The Uniform Civil Code and the Triple Talaq Bill

Triple Talak has been a burning issue in the past one year. Questions of its fairness to women and whether it is quranic or not is being answered by clergy and the Courts. The SC finally called the practice unconstitutional and the Bill for the same was proposed in the Parliament. This blog explores further.

On August 22nd, 2017, the Hon’ble Supreme Court of India by a majority of 3:2 declared the practice of Talaq–i-Biddat or Triple Talaq (as known in common parlance) unconstitutional[1]. It was historic as well as a welcomed change in which the Court dared to go beyond conventional approaches and upheld the woman’s right to equality. An aggressive stand by the Government of India submitting that it favored a ban over such flawed and arbitrary practice was a welcomed step too and it has now led us a step closer towards realizing the ideals of Uniform Civil Code as stated under Article 44 of the Constitution of India.

The necessity of enacting a uniform personal law can be realized from the fact that Gender Justice and Gender Equality still remain a distant dream. In order to ensure that every individual is effectively placed on equal grounds it is necessary that in a marriage, both the individuals are given equal footing. This emancipates from healthy marital relationships and a codified law which would protect the rights of every person in marriage from any threat at all costs. The only positive so far towards realizing a uniform civil code has been the codification of Hindu Law.

A sincere effort was taken up by the Supreme Court in the case of Shah Bano[2]. The Constitutional Bench of the Apex Court delivered a unanimous verdict. Fist the court alluded to the religious neutrality of Section 125 of CrPC stating that whether the spouses were Hindus or Muslims or Christians or Parsis, pagans or heathens was wholly irrelevant. Its interpretation was that the underlying purpose of Section 125 was to protect dependants from vagrancy and destitution – thus it saw no reason to exclude Muslims from its sweeping ambit[3]. The Court further stated its deep dissatisfaction over the fact that Article 44 was reduced to mere existence on paper and that the legislature lacked the will to take concrete steps towards realizing the essence of Article 44. By referring to its interventionist approach in matters of religion, it observed, “The role of the reformer has to be assumed by the courts because it is beyond the endurance of sensitive minds to allow injustice to be suffered when it is so palpable. But piecemeal attempts of courts to bridge the gap between personal laws cannot take the place of a Common Civil Code……. A common civil code will help the cause of national integration by removing disparate loyalties to the laws which have conflicting ideologies[4].”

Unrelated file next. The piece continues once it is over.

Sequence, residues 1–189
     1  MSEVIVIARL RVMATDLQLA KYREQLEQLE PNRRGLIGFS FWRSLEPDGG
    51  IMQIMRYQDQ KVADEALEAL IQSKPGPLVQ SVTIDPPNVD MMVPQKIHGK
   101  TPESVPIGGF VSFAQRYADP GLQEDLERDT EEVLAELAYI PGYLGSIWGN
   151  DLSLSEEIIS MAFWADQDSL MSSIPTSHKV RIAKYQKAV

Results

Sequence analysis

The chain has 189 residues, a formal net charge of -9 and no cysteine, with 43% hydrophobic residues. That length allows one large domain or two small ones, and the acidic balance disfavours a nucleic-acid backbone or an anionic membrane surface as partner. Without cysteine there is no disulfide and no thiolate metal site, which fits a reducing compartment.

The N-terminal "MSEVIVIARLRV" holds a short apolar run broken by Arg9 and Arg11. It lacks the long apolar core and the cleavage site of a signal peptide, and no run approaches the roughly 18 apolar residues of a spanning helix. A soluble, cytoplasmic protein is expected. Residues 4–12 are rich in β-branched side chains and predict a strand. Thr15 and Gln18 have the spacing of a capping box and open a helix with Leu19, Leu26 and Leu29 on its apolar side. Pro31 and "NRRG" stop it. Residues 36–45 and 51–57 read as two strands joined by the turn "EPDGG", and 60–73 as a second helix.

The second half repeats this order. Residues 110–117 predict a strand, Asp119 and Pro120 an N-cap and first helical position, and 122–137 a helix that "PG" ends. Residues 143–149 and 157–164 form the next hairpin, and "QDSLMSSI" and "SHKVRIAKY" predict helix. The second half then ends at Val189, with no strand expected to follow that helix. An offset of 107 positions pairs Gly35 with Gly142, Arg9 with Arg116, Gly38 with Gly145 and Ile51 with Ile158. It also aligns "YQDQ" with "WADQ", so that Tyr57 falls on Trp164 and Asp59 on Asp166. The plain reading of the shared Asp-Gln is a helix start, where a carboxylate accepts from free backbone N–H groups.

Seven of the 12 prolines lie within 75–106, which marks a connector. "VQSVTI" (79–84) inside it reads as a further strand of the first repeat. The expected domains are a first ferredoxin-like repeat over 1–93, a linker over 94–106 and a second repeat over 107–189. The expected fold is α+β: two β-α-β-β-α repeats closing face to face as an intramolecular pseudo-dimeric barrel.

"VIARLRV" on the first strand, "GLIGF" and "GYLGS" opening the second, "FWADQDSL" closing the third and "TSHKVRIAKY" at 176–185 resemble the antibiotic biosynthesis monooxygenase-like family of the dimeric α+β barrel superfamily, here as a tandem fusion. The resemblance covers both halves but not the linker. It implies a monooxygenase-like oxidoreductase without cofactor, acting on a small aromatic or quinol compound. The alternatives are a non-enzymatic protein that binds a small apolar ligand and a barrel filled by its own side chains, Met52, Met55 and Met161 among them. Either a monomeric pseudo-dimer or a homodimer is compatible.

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The turning point came in Sarala Mudgal v Union of India[5] where the Apex Court explicitly ordered the Government of India to frame a Common Civil Code to integrate all the communities on the principles of equality and equal justice to all irrespective of their religion, race, caste etc. Alas, it has not fructified into anything substantial yet, the active judiciary has ensured that the personal laws do justice to every citizen of India because the law is divorced from religion.

It is notable that the Constituent Assembly while getting a cold resistance from Muslim groups regarding uniformity in personal laws had struck down all the contentions by arguing that:

  1. India has already achieved uniformity of law over a vast area.
  2. That Though there was diversity in personal laws, there was nothing sacrosanct about them
  3. The secular activities such as inheritance covered by the personal laws should be separated from religion
  4. That a uniform law applicable to all would promote national unity and
  5. That no legislature would forcibly amend any personal law in future if people were opposed to it.[6]

If we take the above into consideration, it can be safely concluded that apart from Judiciary none of the organs of Government have taken an active interest in promoting the essentiality of Common Code. The recent ShayaraBano judgment, therefore, as a step closer to establishing gender justice and gender equality, has more strongly emerged as a ground to bring the uniform civil code to reality. The Triple Talaq Bill, which has passed the Lower House of Parliament, although a bit controversialy, is a welcomed step. We can hope for many such more steps for the legislature to take for a perfect realization of the Uniform Civil Code.

Also read Uniform civil code: the state is duty bound to endeavour

[1]ShayaraBano v Union of India AIR 2017

[2] Mohammed Ahmed Khan v. Shah Bano Begum, AIR 1985 SC 945

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[3] Zia Mody, Ten Judgments That Changed India, Sdẻ Books, Penguin Publications, First Edition 2013

[4] Shah Bano case, see footnote 2.

[5] (1995) 3 SCC 635

[6] Constituent Assembly Debates Vol. 7